Science news about the environment, genetics, animals, technology, archaeology and space.
Updated: 2 hours 30 min ago
CAPE CANAVERAL, Fla. (AP) — After years of orbiting Mercury, NASA's Messenger spacecraft will crash into the planet at the end of this month.
NEW YORK (AP) — Oh, those puppy eyes.
ANCHORAGE, Alaska (AP) — Scientists studying the migration of endangered western Pacific gray whales are questioning whether they're a separate population or simply California gray whales that have expanded their territory.
ANAHEIM, Calif. (AP) — Orange County authorities are trying to catch a rare Egyptian goose that has an arrow through its neck.
HANOI, Vietnam (AP) — Hundreds of villagers in central Vietnam blocked traffic on the country's main artery for hours to protest pollution from a coal-fired thermo power plant, a local official said Thursday.
GRANTS PASS, Ore. (AP) — Federal regulators have approved an early closure of commercial sardine fishing off Oregon, Washington and California to prevent overfishing.
PACIFICA, Calif. (AP) — When a 50-foot sperm whale washed ashore on a beach south of San Francisco, people stopped to look, snapped pictures of the massive mammal and even reached out and touched the creature that looks more like a dark ocean rock than the largest tooth predator on earth.
MADISON, Wis. (AP) — A canine flu outbreak has sickened many dogs in the Midwest, and veterinarians are cautioning pet owners to keep their dogs from going nose-to-nose with other four-legged friends.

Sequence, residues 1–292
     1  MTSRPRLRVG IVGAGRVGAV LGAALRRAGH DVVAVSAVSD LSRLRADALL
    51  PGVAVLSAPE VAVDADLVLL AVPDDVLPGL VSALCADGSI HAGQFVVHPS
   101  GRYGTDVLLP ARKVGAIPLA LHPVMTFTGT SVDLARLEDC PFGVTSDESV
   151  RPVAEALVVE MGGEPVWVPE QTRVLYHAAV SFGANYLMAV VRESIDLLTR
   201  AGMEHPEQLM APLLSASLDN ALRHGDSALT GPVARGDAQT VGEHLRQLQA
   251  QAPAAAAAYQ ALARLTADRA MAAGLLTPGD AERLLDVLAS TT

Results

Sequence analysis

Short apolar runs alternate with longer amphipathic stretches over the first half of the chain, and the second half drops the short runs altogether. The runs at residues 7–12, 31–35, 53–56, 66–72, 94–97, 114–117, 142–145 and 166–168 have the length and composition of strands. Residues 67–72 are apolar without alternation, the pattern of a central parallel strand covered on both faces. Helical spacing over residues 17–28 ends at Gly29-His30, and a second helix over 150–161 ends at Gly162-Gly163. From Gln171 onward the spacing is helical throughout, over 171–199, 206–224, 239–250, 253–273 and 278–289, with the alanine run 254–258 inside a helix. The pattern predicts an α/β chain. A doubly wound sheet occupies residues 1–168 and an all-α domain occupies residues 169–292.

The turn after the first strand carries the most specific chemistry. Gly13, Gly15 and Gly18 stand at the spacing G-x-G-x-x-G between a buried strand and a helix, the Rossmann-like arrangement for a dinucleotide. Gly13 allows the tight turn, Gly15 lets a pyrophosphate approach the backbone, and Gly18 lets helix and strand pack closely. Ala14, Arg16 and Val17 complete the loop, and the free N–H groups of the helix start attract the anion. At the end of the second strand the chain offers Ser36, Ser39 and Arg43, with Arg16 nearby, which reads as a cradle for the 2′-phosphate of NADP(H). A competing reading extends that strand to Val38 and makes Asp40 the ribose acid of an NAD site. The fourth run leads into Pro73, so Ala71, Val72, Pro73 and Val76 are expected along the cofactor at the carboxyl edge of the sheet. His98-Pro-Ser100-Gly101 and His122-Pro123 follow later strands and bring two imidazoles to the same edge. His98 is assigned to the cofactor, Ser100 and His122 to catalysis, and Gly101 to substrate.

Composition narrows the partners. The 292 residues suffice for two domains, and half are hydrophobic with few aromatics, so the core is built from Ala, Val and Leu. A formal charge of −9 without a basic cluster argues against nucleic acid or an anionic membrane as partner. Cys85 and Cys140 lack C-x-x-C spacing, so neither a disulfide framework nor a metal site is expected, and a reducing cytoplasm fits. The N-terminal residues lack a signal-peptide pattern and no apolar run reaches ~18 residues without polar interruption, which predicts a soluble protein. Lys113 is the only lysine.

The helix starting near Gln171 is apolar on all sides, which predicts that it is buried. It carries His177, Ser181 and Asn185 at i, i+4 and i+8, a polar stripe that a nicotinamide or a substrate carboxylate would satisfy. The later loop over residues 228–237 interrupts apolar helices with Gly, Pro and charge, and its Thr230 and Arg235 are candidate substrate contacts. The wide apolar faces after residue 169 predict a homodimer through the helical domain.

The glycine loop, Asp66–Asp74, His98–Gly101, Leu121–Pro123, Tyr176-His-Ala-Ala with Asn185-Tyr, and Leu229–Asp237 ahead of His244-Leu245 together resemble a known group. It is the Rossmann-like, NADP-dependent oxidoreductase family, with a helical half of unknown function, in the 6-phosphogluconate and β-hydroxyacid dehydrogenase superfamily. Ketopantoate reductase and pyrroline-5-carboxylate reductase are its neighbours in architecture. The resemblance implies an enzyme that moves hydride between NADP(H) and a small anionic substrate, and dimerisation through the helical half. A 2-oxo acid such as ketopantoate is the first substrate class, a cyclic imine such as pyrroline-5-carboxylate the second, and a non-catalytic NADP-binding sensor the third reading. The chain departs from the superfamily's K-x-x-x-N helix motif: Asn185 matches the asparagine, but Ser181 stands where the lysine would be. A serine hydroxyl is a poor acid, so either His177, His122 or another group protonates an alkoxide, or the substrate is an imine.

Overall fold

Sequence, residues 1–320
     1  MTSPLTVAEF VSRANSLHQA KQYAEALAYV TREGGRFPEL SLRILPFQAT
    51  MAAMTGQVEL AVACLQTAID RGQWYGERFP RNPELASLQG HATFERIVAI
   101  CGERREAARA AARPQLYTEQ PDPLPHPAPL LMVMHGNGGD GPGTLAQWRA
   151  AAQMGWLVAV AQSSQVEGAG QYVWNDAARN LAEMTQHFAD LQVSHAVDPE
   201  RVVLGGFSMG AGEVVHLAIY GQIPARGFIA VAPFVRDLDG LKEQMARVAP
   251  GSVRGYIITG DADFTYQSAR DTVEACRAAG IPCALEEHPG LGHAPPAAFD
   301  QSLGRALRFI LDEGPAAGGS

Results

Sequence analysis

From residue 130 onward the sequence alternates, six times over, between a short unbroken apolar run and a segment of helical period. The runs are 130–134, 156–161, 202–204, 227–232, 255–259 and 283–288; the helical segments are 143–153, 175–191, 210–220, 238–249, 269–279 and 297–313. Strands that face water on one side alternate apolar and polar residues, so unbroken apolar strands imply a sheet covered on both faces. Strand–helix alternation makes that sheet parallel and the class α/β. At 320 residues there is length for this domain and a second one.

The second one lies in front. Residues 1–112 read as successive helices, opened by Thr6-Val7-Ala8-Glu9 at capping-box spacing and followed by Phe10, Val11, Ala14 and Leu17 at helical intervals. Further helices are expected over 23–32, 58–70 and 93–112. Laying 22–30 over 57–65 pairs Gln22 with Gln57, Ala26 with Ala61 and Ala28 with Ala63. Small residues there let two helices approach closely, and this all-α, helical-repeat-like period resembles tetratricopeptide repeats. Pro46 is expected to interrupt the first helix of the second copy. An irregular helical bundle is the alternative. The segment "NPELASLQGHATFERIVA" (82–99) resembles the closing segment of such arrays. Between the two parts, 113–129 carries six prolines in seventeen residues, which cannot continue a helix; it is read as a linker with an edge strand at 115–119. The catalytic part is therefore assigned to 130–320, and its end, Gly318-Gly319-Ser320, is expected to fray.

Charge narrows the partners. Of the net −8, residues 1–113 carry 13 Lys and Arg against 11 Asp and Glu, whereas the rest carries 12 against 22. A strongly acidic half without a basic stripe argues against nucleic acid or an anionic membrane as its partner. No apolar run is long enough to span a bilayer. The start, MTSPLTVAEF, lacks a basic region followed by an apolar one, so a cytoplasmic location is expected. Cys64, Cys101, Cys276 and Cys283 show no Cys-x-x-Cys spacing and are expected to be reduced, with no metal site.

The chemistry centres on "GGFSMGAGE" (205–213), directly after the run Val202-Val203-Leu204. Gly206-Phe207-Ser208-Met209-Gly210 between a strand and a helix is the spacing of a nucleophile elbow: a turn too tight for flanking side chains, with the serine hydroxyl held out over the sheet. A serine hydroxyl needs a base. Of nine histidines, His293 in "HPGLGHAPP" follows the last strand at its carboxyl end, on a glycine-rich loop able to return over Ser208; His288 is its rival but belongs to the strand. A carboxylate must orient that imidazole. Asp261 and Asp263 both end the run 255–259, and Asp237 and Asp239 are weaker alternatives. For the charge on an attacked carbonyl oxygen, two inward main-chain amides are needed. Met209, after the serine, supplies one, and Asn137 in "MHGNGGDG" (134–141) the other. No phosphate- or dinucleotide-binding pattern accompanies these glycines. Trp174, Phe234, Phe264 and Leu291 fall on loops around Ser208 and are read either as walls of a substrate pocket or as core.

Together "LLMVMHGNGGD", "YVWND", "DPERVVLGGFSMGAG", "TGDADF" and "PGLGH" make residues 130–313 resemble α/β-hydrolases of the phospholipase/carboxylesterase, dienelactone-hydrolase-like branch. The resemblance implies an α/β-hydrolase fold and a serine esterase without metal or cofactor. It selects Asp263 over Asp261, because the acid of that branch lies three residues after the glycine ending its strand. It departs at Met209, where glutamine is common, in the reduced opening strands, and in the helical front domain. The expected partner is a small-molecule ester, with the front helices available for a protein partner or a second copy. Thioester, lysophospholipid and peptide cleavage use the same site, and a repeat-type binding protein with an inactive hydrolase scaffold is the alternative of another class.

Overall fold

MINNEAPOLIS (AP) — Some scientists say that eastern U.S. poultry producers should brace for the potential arrival of a deadly bird flu virus outbreak that farmers in the Midwest have struggled to stop.
HOUSTON (AP) — A Houston hospital says a woman has given birth to five girls in what it believes is the first set of all-female quintuplets born in the U.S.
BILLINGS, Mont. (AP) — Wildlife advocates want a judge to force federal officials to decide if a rare aquatic insect that's found only in Montana's Glacier National Park should be protected under the Endangered Species Act.
LOS ANGELES (AP) — When it comes to cats, those meows mean ... well, a lot of things.
LOS ANGELES (AP) — A mountain lion certainly is acting like the Los Angeles celebrity he is: lounging under a home and refusing to be handled by wildlife officials who have used tennis balls, bean bags and prods in a failed attempt to dislodge the famous cat.
BERLIN (AP) — Whatever caused small space rocks to lump together billions of years ago, magnetism is unlikely to be the reason.
Fisheries managers have decided to call off the West Coast sardine fishing season that starts in July because of rapidly dwindling numbers, hoping to save an iconic industry from the kind of collapse that hit in the 1940s and lasted 50 years.
ANCHORAGE, Alaska (AP) — A family of five black bears is roaming an Alaska neighborhood, toppling trash cans as the group rummages for food and scaring some residents who believe the animals are the same ones seen in the area last summer.
GRANTS PASS, Ore. (AP) — About 5,500 more people could survive a major tsunami hitting the Pacific Northwest if they just walk a little faster to higher ground after roads are knocked out, a new study shows.
Former GOP congressman, ousted in 2010, changed his mind on climate change, angered conservatives.
TOKYO (AP) — An International Whaling Commission panel said Monday that Japan's revised plan for research whaling in the Antarctic still lacks a convincing explanation of why it needs to kill the mammals.
TOKYO (AP) — The operator of the wrecked Fukushima nuclear plant said Monday that the first robot sent inside one of the melted reactors stalled before finishing its work but collected data that indicates a path exists to send robots deeper into the reactor.